Keith's affinity for sound began on the backroads and byways that crisscross the cornfields of rural Iowa where he grew up.
Before the age of fourteen, Keith had worn through several sets of Walkmans and foam-covered headphones. From an early age Keith followed recording engineers and record producers the way most kids his age followed bands. He wanted to know, How did they capture the snare? What did they do to get the vocals to sound that way? More than anything, he wanted to know, how can I help make that kind of magic?
Fast forward the tape in his old Walkman and it whirs to the first Gulf War. Far from the backroads of Iowa, Keith's a young Marine driving at sunset alone on a desert highway in a warzone....loaded rifle at his side. His Walkman and battery-powered speakers perched on the dash. Daniel Lanois's Acadie album fills his cab and spills out of his open window—an arid alchemy of music, conflict, and solitude.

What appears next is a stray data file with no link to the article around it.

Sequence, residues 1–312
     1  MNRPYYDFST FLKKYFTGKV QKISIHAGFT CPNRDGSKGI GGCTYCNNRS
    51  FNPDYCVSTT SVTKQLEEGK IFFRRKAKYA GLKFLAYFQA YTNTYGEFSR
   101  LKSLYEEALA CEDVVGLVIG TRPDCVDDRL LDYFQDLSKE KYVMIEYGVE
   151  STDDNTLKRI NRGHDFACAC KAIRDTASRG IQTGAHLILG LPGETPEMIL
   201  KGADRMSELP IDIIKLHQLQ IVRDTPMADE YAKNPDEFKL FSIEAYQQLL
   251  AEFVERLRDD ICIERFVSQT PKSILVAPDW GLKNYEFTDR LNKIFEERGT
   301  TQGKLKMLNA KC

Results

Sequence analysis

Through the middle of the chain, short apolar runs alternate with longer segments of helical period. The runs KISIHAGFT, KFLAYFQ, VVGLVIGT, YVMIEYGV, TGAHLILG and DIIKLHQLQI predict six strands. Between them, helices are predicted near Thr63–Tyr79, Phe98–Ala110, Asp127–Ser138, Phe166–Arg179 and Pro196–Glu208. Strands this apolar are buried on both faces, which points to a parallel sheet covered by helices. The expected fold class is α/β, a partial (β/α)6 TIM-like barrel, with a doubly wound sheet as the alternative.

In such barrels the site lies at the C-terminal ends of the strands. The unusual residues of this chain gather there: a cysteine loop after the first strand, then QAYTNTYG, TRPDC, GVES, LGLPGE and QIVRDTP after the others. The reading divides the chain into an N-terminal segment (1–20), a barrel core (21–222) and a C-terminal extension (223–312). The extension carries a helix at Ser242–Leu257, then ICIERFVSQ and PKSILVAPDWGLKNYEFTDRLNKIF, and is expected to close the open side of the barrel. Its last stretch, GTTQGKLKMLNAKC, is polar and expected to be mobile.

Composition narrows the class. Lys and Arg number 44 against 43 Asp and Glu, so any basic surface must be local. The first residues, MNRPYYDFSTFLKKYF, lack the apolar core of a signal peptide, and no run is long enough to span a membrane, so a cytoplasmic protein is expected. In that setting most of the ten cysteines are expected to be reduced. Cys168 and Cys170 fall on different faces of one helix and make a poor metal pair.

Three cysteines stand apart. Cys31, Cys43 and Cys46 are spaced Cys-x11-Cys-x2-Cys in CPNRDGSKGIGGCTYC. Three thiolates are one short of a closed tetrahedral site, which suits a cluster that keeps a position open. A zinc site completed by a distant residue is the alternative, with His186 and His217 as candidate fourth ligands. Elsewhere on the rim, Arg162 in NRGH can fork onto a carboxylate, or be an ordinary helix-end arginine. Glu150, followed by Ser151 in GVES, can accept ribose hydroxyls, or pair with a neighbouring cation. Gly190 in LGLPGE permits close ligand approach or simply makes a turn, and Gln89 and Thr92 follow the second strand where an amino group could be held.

"I've loved music my entire life," he says, "but I can trace my decision to become a recording engineer to this moment."
By the late 90s and early 2000s, Keith had engineered for local concerts in Iowa and his new home state of Oregon. But he knew he had a lot to learn if he was going to be able to produce the kind of sound he could hear in his head. He wanted to learn from the best. In the years that followed, he apprenticed with the talented engineer and producer Adam Samuels (Daniel Lanois, Warpaint, John Frusciante), and attended and participated in immersive engineering seminars hosted by the legendary Al Schmitt and modern mixing engineer Tom Elmhirst.
For more than a decade Keith has been crafting a studio according to the specifications of the masters that taught him. This has meant hunting down specific microphones, pre-amps, and other difficult-to-find components. With these tools at hand and his fast and efficient workflow, Keith, like the masters who taught him, doesn't just record sounds; his recordings aim to beautifully capture the emotions communicated by the artist.
The road from Iowa to Oregon has taken Keith around the world. He continues to develop his craft with master engineers, as he works with select artists to create music that affects people the way music has affected him from a very young age.